Forgotten Americans of the Russian North
Nearly 10,000 Finnish-Americans emigrated to the Soviet Union in the 1930s to build a socialist utopia; a few remain, with bitter tales
PETROZAVODSK, RUSSIA — AROUND the living room table in their small but cozy apartment - the aroma of fresh-brewed coffee filling the air, and fingers sticky from homemade glazed doughnuts - Mirjam and Elmer Nousiainen settle back to tell their bittersweet tales.
Mr. Nousiainen was born in Michigan's Upper Peninsula during World War I, while his wife of 32 years hails from Vermont. But the two, who are of Finnish ancestry, have lived and suffered in the former Soviet Union since the 1930s - the innocent victims of their parents' political beliefs.
"They were crazy with idealism - they thought they would help build socialism here," Mirjam says. "It was a tragedy for every family that came here."
During the Communist state's early years, up to 10,000 Finnish-Americans emigrated to the Soviet Union to help build a utopia.
Most Finnish-American families settled in Karelia, a Russian region bordering Finland, according to David Hosford, a worker with the St. Petersburg-based philanthropic organization Project Harmony, who wrote his doctoral dissertation on the subject.
Today, the Nousiainens are among about 20 elderly emigres still living in Karelia, relatively forgotten by both their native country and their reluctantly adopted homeland, struggling to preserve their American roots within the Russian reality. Bitter at times
For years, Elmer and Mirjam wanted to return to the US, but could not. Soon after arriving in the Soviet Union, Communist authorities forced them to give up their US passports. And during the cold-war years, the Soviet government refused to let them leave. Now, Russia has opened up, but the two pensioners consider themselves too old for drastic changes. "If we were all 20 years younger, everyone would have left," Mirjam says.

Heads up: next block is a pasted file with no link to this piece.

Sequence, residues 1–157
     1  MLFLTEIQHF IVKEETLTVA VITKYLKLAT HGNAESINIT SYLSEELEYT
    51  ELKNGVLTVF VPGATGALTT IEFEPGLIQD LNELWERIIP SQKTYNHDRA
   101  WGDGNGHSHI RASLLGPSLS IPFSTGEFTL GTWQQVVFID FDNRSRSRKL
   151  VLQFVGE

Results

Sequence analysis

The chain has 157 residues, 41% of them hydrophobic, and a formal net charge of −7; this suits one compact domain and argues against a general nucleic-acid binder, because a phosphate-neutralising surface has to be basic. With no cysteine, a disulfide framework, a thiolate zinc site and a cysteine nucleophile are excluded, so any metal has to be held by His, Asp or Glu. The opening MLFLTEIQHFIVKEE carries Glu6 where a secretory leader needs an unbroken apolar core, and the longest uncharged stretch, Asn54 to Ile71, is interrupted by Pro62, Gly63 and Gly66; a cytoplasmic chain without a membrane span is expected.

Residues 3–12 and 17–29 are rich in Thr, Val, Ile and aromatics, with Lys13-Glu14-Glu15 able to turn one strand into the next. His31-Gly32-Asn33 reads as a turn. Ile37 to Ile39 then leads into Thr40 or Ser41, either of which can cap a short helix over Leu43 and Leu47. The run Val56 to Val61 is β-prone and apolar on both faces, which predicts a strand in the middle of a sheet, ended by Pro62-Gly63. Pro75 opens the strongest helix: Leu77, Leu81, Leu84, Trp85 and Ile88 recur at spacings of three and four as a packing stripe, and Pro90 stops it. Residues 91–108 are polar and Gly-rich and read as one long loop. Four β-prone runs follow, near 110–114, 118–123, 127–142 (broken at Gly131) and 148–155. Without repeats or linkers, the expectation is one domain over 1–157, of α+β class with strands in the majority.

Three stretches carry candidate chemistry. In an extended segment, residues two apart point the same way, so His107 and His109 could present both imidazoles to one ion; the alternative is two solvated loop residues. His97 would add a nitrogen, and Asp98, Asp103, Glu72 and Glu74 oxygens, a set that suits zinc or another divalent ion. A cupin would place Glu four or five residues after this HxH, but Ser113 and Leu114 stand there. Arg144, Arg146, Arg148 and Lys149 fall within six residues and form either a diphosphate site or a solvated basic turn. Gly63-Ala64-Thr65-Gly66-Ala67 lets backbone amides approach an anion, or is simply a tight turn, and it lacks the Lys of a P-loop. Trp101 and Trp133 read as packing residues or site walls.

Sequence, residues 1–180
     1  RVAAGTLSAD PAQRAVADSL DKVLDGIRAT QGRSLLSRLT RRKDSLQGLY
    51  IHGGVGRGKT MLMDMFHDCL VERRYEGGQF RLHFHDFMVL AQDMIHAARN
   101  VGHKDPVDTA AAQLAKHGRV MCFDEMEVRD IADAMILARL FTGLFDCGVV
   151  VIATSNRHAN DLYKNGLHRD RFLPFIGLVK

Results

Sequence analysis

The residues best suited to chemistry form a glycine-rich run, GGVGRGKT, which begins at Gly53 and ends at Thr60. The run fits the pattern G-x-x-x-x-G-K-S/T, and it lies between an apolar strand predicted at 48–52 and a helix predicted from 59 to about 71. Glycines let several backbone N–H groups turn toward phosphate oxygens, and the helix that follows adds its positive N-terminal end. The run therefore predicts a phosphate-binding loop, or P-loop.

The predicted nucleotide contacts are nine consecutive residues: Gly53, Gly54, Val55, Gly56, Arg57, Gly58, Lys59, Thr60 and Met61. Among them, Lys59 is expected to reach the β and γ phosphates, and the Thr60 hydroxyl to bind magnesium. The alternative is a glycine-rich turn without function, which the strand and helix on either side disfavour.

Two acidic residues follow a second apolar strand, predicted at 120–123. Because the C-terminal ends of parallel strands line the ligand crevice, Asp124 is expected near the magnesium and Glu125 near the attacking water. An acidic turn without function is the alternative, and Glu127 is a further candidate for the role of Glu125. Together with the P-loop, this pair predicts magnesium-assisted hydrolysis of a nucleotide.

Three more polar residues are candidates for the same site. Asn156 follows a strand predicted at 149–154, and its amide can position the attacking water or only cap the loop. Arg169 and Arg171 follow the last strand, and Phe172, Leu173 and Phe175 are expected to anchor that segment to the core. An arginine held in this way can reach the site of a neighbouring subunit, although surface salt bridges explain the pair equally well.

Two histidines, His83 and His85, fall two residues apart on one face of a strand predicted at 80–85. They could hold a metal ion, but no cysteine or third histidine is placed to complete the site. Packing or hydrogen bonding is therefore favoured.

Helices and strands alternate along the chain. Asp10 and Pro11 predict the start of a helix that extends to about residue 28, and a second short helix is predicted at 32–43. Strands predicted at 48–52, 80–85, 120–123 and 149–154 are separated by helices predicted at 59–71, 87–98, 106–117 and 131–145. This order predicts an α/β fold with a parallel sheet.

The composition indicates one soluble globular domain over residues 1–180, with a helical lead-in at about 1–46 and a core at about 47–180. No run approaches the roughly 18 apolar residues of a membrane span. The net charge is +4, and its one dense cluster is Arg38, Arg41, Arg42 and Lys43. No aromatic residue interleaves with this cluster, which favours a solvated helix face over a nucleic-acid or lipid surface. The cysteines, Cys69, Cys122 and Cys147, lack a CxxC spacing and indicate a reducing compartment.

"It doesn't help to torture yourself with such thoughts," Elmer adds. "But at times I'm bitter. You curse [yourself] for leaving the States."
Yet after more than a half-century of hardship, the couple feels fortunate just to be alive.
For Mirjam, the difficulties began even before she left the US as an eight-year-old in the early `30s. She never wanted to live in the Soviet Union. "As the family was getting ready to leave, I hid under my bed. I thought my mother might forget me," she says. "They had to drag me on board the ship. I was hollering."
Elmer, who left in 1931 at the age of 15, considered emigration "an adventure." But like many other Finnish-Americans, he became disillusioned almost as soon as he arrived.
"I think about 90 percent of the people were disillusioned," he said. "A lot of folks got to the [Petrozavodsk] train station, saw what it was like, and went back."
Elmer's troubles really began in 1938, when he went to the US Embassy in Moscow, trying to obtain a new passport so he too could leave. The KGB secret police arrested him as soon as he left the embassy. "They didn't like the idea of a Russian visiting the US Embassy," he says.
What followed was an odyssey through the notorious Soviet prison system that writer Alexander Solzhenitsyn dubbed the "Gulag Archipelago."
The first stop for Elmer was the dreaded Lubyanka KGB headquarters, where he spent a night in a detention cell. After several weeks in Moscow's Butyrka prison, he ended up in a labor camp near the Siberian city of Chelyabinsk, where he spent eight years living under horrible conditions.